Activists gathered on Thursday outside of the West Chester office of U.S. House Speaker John Boehner, asking the House’s top official to look at reducing military spending when coming up with a budget.
The group of nearly two dozen — which included nuns, a veteran, a retiree advocate, a small businessman and progressive activists — held signs reading, “It is time for Nation Building in the United States. Cut Massive Pentagon Budget Now!” and “End Tax Breaks for Richest 2%.”
“We’re here today in front of Speaker of the House John Boehner’s West Chester office to drive home the fact that we believe that over 50 percent of the budget magically, this elephant in the House, has failed to be discussed as we discuss taking away services that provide human needs,” said David Little of Progress Ohio.
“Any discussion that fails to address excesses in that budget is failing the American people.”
Little added that it was possible to support the troops and veterans without spending billions on pointless wars.
Butler County attorney and Navy veteran Bruce Carter said the military can be more efficient in what he called the changing mission.
“When you refuse to have a discussion on over half of the budget, that’s like trying to tell the Bengals to win a game without going over the 50 yard line,” he said.
The group had a letter to deliver to Boehner, which contained what they called a statement of principles.
“We believe in a holistic approach to the budget crisis, and in order to protect the middle-class, cuts to the Pentagon need to be at the forefront,” the letter states. “We understand that Pentagon cuts are a controversial issue, however, Pentagon cuts in the sequester do not threaten our national security.”
The letter suggests that some of the money currently being spent on the Defense Department goes to providing services for veterans.
The military accounted for about 52 percent — or $600 billion — of discretionary spending in fiscal year 2011.
In contrast, education, training and social services collectively made up 9 percent of the budget.
The group of four activists weren’t allowed into Boehner’s office, but a young staffer met them outside. He said that the speaker thought everything should be on the table when it came to budget cuts.
Three homeless aid groups in Cincinnati are getting a bit of help from the federal government. On Sept. 19, the Secretary of Veteran Affairs announced it awarded nearly $600 million to homeless aid groups around the United States, and three local organizations managed to secure $600,000 of that funding.
The money will be awarded primarily to Ohio Valley Goodwill Industries, but Goodwill has partnered up with Strategies to End Homelessness and the Healing Center at Vineyard Community Church to make full use of the money.
Kevin Finn, executive director of Strategies to End Homelessness, says the money will help make up for stimulus funding that was recently lost — at least in the case of military veterans.“It’s going to go to helping veterans and their families that are either at risk of becoming homeless or already homeless,” Finn says.
That makes the grant funding different in two major ways:
First, the money can now be used to help veterans’ families, not just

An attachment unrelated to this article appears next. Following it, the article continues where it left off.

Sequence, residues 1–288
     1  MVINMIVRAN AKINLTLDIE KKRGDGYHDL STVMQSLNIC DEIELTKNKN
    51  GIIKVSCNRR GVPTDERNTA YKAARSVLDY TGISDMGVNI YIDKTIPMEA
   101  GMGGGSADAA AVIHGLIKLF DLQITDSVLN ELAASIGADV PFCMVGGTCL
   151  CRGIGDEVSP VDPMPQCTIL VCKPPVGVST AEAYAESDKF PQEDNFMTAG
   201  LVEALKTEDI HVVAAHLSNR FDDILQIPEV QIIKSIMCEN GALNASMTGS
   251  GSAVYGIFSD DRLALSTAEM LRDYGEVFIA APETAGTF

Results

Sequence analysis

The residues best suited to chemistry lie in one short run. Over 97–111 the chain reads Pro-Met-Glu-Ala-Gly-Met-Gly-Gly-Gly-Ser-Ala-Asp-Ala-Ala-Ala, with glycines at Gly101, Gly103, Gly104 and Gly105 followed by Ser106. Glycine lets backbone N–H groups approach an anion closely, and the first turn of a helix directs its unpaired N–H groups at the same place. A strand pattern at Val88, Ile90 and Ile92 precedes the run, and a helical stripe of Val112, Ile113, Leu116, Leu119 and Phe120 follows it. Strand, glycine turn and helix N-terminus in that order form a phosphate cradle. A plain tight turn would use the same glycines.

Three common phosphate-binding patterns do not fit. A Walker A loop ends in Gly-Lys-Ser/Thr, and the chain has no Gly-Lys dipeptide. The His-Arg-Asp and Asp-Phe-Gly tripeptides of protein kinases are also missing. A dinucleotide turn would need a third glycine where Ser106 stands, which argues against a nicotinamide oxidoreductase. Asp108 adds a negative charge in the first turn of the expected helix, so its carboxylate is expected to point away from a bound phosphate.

veterans. Typically, aid to veterans is allocated in a way that can only
benefit veterans, but this money will help their husbands, wives and children.
Also, the money will also be used to help vets at risk for homelessness instead of just vets who are already homeless. With the traditional, limited funding, homeless aid groups can only reach out to people who are already out in the streets; with this new funding, groups like Strategies to End Homeless will be capable of taking preventative measures that keep vets in a home.
The new funding, which Finn estimates will help about 200 families, will be divided between the local organizations so they can each take on different roles. For Strategies to End Homelessness, that mostly means working on short-term solutions for homeless or at-risk vets.
“The biggest (services) will be rentals and financial assistance to either get them to be stable in housing or keep them in their housing and prevent them from becoming homeless,” Finn says.
After that, care will shift to Goodwill, which will work on job training, job searching, tutoring, computer training and other important tools to help keep vets employed and housed.
“If the financial support can keep them from being homeless in the short term, then the services that the Goodwill case manager will put in place will hopefully keep them from being homeless in the long term,” Finn says.
To reach out to vets in need, the organizations will use current connections, street outreach programs and phone hotlines to make sure the program reaches as many people as possible while staying efficient. To Finn, one of the most important tasks of Strategies to End Homelessness is to make sure no funding is wasted and the organizations coordinated by Strategies to End Homelessness do not have redundant programs.
Strangely enough, aid to vets has become a political issue recently. Forty Republicans in the U.S. Senate recently blocked the Veteran Jobs Corps Act, which would have funded job programs for military veterans. Ohio Rep. Connie Pillich recently introduced a resolution in the Ohio General Assembly to encourage U.S. Senate Republicans to pass the bill.